Monday, November 1, 2010

Book Review: Luka and the Fire of Life (Back with Rushdie the entertainer!)

It has been a while since I wrote about books I am reading.  Other topics have dominated Brick and Rope recently.  If someone was going to get books back on this blog, past readers must know it had to be Rushdie.

I have been a fan of Rushdie's ever since I started reading.  Midnight's Children is one of the best books I have read in my life.  For soaring imagination that leaves you gasping, for metaphors that are as daring as they are cheeky, for the sheer pleasure of reading the English language, there aren't many that can compare with Rushdie.

Luka and the Fire of Life comes rather quickly on the heels of his other recent book The Enchantress of Florence.  The two books couldn't be more different from each other.  My wife is an occasional reader of Rushdie, and in her opinion one of the best books he has written to date is Haroun and the Sea of Stories.  This is not an uncommon viewpoint.  Written while he was in exile after the Satanic Verses fatwa, Haroun is certainly the most accessible of Rushdies.  Written as a gift to his first son Zafar, the book was an allegory cum fantasy cum magic masala that appealed to readers of all ages.  Luka and the Fire of Life is written in much the same style as Haroun, and is meant to be a gift to Rushdie's second son Milan.

The main characters of Haroun continue on in Luka, though the protagonist now is Haroun's younger brother.  The surreal, children's book style continues as well.  We have guest appearances from some of the more endearing concepts from earlier, like P2C2Es.

Most of all though, we reconnect with Rushdie the entertainer, the Shah of Blah.  The playfulness of language, the shameless puns, the Capitalization.  They are all back with a vengeance.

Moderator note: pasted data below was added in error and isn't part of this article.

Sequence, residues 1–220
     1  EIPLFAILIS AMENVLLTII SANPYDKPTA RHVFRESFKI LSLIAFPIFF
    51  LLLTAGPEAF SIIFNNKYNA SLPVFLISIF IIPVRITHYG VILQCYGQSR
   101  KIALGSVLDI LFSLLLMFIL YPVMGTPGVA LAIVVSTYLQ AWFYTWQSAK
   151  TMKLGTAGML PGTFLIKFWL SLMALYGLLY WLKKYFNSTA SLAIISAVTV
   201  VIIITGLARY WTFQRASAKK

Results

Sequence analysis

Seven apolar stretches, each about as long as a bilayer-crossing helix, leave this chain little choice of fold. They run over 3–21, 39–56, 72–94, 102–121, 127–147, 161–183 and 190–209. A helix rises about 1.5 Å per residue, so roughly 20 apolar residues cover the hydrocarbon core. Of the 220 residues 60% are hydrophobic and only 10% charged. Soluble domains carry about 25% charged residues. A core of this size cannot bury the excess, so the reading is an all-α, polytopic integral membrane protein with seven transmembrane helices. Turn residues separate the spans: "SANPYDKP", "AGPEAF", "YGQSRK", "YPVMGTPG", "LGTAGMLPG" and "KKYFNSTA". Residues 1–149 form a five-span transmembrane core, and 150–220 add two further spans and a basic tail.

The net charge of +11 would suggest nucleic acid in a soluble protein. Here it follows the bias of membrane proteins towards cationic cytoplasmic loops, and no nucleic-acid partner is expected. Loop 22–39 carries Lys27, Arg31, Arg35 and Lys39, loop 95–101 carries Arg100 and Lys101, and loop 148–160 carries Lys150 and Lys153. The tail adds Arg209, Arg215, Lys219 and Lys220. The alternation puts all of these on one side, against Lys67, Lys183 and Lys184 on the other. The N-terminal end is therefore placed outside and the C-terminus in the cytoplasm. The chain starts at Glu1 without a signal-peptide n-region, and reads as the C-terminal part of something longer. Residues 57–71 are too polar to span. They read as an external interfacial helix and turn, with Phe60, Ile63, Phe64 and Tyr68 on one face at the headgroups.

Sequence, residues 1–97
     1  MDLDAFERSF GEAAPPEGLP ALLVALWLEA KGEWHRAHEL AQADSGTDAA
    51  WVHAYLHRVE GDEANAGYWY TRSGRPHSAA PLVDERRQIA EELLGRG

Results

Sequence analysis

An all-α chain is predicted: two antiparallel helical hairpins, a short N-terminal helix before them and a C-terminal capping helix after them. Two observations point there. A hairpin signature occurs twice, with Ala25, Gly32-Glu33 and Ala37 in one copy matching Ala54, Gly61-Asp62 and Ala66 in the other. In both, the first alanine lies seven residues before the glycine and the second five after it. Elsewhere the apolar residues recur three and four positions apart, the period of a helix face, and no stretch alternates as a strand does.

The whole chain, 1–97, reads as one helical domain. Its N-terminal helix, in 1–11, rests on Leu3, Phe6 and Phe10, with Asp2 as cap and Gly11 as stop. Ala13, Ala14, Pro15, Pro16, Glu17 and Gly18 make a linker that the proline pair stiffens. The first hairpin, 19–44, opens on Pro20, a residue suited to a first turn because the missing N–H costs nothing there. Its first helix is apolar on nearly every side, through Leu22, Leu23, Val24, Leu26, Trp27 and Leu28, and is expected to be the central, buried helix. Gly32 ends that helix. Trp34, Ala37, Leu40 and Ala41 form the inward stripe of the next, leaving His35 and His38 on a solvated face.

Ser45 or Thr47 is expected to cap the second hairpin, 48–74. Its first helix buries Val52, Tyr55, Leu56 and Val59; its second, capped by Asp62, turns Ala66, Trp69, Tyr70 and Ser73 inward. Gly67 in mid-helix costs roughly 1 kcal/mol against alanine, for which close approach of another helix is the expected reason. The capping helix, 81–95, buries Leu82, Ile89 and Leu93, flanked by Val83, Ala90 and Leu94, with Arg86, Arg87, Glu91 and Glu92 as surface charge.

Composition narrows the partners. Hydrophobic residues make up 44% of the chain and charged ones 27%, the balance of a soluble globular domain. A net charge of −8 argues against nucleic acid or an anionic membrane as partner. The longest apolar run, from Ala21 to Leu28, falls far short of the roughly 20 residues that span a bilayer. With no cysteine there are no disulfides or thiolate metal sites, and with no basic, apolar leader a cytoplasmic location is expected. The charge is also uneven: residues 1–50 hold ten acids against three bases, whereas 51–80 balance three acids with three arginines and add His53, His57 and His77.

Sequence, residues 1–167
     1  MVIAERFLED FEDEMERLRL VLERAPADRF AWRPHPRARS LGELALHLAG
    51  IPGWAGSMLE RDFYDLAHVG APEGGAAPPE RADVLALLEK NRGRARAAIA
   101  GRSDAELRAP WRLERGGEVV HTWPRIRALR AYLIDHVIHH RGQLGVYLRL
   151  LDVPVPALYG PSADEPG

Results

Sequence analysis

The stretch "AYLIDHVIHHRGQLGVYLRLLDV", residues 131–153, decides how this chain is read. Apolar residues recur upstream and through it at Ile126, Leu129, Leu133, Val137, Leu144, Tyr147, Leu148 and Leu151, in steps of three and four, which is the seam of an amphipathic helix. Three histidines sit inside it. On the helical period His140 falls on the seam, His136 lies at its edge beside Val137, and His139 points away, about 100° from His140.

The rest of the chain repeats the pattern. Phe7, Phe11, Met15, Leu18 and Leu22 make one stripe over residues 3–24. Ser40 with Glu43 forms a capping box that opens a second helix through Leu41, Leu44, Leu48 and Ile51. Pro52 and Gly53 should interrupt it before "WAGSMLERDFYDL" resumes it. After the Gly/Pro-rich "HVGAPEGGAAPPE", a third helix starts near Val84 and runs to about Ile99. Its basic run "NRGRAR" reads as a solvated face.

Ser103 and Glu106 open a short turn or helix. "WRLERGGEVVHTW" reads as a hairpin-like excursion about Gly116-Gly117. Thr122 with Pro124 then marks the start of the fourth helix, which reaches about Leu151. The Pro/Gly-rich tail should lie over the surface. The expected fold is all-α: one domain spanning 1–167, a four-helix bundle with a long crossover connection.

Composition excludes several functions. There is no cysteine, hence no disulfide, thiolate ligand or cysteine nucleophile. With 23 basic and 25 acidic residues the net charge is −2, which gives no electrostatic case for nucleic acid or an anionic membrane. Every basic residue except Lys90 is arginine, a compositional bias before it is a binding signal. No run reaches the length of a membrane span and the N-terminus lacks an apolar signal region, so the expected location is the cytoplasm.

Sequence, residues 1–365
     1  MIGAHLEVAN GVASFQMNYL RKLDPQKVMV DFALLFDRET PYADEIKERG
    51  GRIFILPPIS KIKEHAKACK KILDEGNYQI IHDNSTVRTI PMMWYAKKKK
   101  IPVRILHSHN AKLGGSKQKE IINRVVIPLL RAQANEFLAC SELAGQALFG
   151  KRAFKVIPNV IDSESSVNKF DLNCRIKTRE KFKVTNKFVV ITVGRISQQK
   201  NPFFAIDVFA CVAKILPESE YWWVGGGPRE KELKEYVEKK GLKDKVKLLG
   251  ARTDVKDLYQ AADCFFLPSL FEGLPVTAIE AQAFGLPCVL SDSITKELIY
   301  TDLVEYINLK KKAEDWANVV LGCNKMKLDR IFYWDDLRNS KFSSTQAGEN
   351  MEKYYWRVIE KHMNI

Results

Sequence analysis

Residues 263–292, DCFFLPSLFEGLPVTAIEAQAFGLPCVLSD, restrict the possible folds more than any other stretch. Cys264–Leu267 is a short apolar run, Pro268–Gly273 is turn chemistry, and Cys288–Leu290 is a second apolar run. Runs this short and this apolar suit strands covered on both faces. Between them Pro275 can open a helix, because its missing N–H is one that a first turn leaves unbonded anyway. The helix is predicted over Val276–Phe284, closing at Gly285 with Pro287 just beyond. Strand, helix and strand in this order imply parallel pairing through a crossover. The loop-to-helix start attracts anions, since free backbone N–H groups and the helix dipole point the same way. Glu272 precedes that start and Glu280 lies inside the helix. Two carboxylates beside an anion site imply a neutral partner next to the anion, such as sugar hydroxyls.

[Luka] landed with a thump in the riverside dust and it rose up around him in a little golden cloud, which quickly formed itself into a creature, like a tiny living flame with wings.  'Feed me and I live,' it said hotly.  'Give me water and I die.'

The answer was obvious.  'Fire,' Luka said quietly, and the Fire Bug grew agitated.  'Don't say that!' it buzzed.  'If you go shouting fire at the top of your voice somebody will probably come running with a hose.  To much water around here for my liking anyway.'


'You want to know what bugs me?' the Fire Bug said indignantly.  'Nobody's friendly about fire.  Oh, it's fine in its place, people say, it makes a nice glow in a room, but keep an eye on it in case it gets out of control, and aways put it out before you leave.  Never mind how much it's needed; a few forests burned by wildfires, the occasional volcanic eruption, and there goes our reputation.  Water, on the other hand! - hah! - there's no limit to the praise Water gets.  Floods, rains, burst pipes, they make no difference.  Water is everyone's favourite.  And when they call it the Fountain of Life! - bah! - well, that just bugs me to bits.'  The Fire Bug dissolved briefly into a little cloud of angry, buzzing sparks, then came together again.  'Fountain of Life indeed,' it hissed.  'What an idea.  Life is not a drip.  Life is a flame.  What do you imagine the sun is made of?  Raindrops?  I don't think so.  Life is not wet, young man, Life burns.'
This is vintage Rushdie.  The kind of fun writing I fell in love with in Haroun.  And I am glad to see it come back into his increasing dark and rather difficult writing of late. 

Also back are allegorical references to the present that were so often to be seen in the Rushdie of past.  Luka, while on his perilous adventure, comes upon the Respectorate of I, a land ruled by rats, with a barbed wire contraption (the O-Fence) going all around, and where 'present occupants take Offense very sharply indeed.'  Any resemblance to lands present are purely coincidental?

Do you believe two and two make five?
Do you agree the world is flat?
Do you know our Bossss is the Biggest Cheese alive?
Do you Ressspect the Rat?
O, do you Ressspect the Rat?

If I sssay upside down is the right way round,
If I insissst that black is white,
If I claim that a sssqueak is the sssweetest sssound,
Do you ressspect my Right?
Say, do you Ressspect my Right?

Do you agree nothing's better than I?
Do you approve of my hat?
Will you please ssstop asking what, how and why?
Do you Ressspect the Rat?
Do you, don't you, don't you, do you,
Do you Ressspect the Rat?
As I said, any resemblance is purely coincidental.

Not everyone will like Luka.  There are many reasons not to like it.  It is cheesy, for one.  Kiddish.  Lame.  Harry Potter lite.  But for a Rushdie diehard like me, there is enough to cheer on.  Enough to rekindle old love.

Yes I do, I do Ressspect the Rat.

1 comment:

  1. Great review. Loved the excerpts. Dying to get my hands on the book now.